My husband is a patient man.
He’s the kind of man who thinks things through and waits.
It can be frustrating, for some people, to have conversations with him, because he doesn’t answer back immediately. He pauses, he thinks, he takes a moment.
I appreciate that about him because I think, too often, we waste our words and when he speaks, you know that he’s not just saying something to hear himself speak. It’s something that he has carefully thought through and it’s meaningful.
I’ll be honest…sometimes his patience is frustrating to me, as well, because I like to make a decision quickly. Sometimes, you just gotta jump in.
With my husband, the only time he ever acted spontaneously was the morning he woke up and decided he couldn’t live another second without knowing I was going to marry him, and he called in sick (something else my husband never does), bought a ring, and proposed.
I try to remind him of how great that turned out and that spontaneity is often greatly rewarded.
However, his patience runs deep and comes from a childhood of needing to practice that patience.
My husband is the youngest of four children.
I won’t divulge their current ages, but I’ll say that, at one time, they were one, two, three and five years old.
Their poor, poor parents.
Some people say that being the youngest meant that they got everything they wanted. That they were spoiled and expected things to be handed to them for the rest of their lives.
For my husband, it meant that he learned to be patient.
Over the years, we’ve watched home movies of their family, and in them, you see his brothers and sister aping away for the camera…jumping and yelling and acting and goofing around, and there, in the corner, is my husband…sitting in his high chair, watching it all go down.
If it were me, I’d have been plotting my revenge.
I was an only child with lots of time on my hands to imagine and create and scheme and…
Anyway…he was just patiently watching.
While I feel for the guy…I do…I have to say, I’m damn lucky to have found him.
Because, my friends, patience and an even-temper are two qualities I have not.
Let me give you an example.
When my husband and I were dating, we lived in neighboring towns.
One day, he came over, after work, and we settled in to watch a movie.
Throughout the movie, he began to cough, and it irked me because he’d been coughing for a week and because he’s a male and has that gene…you know the one…the “I don’t DO doctors OR medicine” gene…he hadn’t been doing anything about it.
I was worried about him, sure, but more than that, the coughing was interrupting the movie and we kept having to rewind, and it was the days of VHS and not DVD, so that, in and of itself, was a huge pain in the ass.
“Are you going to see a doctor about that?” I asked.
“Clearly you aren’t. You’ve been coughing like that for a week. You should really see a doctor.”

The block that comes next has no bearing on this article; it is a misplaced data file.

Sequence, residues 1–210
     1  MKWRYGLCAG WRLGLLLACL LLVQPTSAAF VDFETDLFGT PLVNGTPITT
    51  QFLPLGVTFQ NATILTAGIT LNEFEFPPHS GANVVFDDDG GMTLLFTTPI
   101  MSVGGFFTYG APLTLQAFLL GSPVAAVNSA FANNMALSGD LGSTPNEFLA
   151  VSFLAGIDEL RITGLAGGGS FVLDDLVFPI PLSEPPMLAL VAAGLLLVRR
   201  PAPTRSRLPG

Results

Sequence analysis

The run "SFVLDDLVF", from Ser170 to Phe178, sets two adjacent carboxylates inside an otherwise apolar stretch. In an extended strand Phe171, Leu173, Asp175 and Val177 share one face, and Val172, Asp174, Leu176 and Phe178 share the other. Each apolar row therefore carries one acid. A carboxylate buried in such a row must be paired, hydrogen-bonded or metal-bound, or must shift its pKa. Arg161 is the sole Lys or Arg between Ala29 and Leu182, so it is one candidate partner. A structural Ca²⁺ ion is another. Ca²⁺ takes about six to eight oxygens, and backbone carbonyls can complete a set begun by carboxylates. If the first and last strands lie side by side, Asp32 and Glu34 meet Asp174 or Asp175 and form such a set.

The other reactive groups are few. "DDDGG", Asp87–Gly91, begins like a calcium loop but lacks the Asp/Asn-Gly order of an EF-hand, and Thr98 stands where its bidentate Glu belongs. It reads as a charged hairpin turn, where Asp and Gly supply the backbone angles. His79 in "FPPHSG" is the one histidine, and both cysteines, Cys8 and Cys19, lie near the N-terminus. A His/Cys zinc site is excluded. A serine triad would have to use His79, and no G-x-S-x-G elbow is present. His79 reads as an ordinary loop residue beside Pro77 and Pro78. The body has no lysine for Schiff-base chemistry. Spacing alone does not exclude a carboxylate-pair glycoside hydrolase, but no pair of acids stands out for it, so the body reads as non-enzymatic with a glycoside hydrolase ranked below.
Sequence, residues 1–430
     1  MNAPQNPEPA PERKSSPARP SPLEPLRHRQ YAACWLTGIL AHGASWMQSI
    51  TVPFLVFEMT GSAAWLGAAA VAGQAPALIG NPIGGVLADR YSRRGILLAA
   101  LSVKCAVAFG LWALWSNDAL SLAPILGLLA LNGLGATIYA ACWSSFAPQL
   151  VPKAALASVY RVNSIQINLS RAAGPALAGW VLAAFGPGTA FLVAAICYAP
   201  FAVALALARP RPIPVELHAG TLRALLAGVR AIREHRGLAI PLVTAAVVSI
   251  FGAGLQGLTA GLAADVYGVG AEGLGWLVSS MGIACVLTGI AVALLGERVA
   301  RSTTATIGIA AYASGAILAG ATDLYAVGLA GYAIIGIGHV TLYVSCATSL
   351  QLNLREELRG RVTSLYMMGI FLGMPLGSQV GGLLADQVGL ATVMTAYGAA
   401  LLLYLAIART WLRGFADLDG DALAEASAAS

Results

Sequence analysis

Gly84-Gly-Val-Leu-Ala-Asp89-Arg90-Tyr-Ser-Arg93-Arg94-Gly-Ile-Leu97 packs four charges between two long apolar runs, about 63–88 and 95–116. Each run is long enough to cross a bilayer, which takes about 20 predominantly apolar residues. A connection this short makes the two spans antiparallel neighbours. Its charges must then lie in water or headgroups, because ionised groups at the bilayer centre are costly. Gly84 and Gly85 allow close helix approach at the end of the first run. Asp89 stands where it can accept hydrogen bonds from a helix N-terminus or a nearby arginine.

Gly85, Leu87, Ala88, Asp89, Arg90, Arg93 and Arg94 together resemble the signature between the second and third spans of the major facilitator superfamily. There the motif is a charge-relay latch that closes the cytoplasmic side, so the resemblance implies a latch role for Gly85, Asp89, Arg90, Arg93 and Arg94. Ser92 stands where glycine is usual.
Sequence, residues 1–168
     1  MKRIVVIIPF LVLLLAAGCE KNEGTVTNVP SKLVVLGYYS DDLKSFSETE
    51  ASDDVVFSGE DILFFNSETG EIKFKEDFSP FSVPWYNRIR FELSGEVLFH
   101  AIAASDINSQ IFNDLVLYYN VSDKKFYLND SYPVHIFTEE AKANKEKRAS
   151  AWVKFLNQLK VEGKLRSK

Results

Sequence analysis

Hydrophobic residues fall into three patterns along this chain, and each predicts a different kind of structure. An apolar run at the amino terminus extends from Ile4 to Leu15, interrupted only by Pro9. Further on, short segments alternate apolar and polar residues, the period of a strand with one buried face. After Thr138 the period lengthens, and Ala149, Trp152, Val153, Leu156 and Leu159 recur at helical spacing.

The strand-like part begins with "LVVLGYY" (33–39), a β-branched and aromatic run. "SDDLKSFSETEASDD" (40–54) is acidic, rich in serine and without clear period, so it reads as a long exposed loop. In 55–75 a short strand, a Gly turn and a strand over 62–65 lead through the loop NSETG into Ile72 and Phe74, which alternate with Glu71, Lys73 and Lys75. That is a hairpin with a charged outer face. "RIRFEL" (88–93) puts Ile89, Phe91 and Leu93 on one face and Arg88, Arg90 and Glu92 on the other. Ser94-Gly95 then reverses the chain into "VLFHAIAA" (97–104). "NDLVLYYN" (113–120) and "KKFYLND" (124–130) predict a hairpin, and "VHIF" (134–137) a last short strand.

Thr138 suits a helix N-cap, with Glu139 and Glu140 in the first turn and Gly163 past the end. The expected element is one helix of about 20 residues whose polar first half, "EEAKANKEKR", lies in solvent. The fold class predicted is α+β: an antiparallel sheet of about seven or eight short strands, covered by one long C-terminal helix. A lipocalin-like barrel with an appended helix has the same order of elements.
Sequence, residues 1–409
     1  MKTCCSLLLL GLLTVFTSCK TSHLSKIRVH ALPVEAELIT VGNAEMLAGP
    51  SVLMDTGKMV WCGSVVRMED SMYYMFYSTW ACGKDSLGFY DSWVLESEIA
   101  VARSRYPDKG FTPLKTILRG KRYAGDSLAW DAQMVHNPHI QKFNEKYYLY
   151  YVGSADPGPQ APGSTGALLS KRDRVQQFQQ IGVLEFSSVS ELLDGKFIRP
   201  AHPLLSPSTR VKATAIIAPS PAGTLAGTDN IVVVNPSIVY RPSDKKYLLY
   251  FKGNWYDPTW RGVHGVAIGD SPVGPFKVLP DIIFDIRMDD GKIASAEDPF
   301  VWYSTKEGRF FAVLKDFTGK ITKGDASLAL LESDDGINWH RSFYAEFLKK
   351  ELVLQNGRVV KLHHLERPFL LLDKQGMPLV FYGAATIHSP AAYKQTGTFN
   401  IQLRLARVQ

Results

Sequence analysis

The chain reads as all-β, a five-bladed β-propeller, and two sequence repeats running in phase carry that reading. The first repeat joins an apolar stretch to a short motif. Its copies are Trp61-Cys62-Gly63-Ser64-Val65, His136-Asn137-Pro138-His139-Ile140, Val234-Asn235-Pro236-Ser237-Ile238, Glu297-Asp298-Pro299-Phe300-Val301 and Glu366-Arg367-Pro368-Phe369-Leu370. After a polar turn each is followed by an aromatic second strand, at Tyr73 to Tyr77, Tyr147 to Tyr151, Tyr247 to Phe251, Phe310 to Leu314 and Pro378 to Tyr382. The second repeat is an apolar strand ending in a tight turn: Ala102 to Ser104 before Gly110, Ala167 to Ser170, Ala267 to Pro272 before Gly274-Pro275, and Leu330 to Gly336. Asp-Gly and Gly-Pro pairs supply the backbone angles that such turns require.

We went back and forth like this for some time, with me nagging, him patiently deflecting and us rewinding, until finally, I exploded.
Wiith great flourish, I jumped up, stalked across the room and grabbed the brand new 150 count bottle of Centrum vitamins I had bought that morning.
I spun around, wild-eyed, shook the bottle and him and yelled, “Fine! If you aren’t going to take care of yourself, then I’m not going to take care of myself!”
I stomped to the bathroom, unscrewed the lid and began to dump out the contents.
I’ll show him, I thought to myself.
Won’t see a doctor? I thought. Well, then I won’t take these vitamins. Better yet, I’ll dump the whole bottle out. The bottle I just spend $35.00 on this morning. $35.00 that took me a half a day of substitute teaching to earn. $35.00 that I could have bought three books with. $35.00 that…
Crap. I’m an idiot.
But, I’m nothing if not committed, and I had already begun the dumping, and there was nothing that was going to stop me from dumping that whole damn bottle in the toilet.
Even if I was shaking my head at my own stupidity while I did it.
When the last pill had hit the water, I looked at bowl.
I had a moment where I almost reached in and started scooping them out, like the junkies in the movies who toss their stash.
But, the thought of him walking in, seeing me up to my elbows in the bowl, mascara running down my cheeks from the toilet water that splashed my face as I was frantically grabbing the pills, crying “No! No! I need them! I need them!” made me straighten up and get back to business.
I gave it a loud flush, tossed the bottle in the garbage can with a (less than) satisfying thunk, and walked back to my room, shoulders back, head held high.
And there he sat…hunched over, shoulders shaking, desperately trying not to let me see him laughing.
I threw myself next to him on the couch and said, quietly, “So there.”
He composed himself, leaned back and put his arm around me.
“You sure told me,” he said.
“Damn straight,” I replied.
I’d like to say that my awesome display of righteousness moved him to call the doctor the next day.
Or, maybe I’d really like to say that he didn’t call the doctor and then developed a case of pneumonia and the doctor, standing by his bedside said “If only you would have listened to Amy and come in sooner…this all could have been avoided.”
I’d like to say lots of things that paint me as the winner in this story; that prove that my righteous indignation was well-placed and that my tantrum was rewarded.
However, as he had done with so many things in his life, he patiently waited it out and the cough eventually passed.
And now, when he sees me about to blow my top, he simply murmurs in my ear, “Centrum in the toilet” and I’m reminded that my nonsense is usually just bluster and his patience generally wins the day.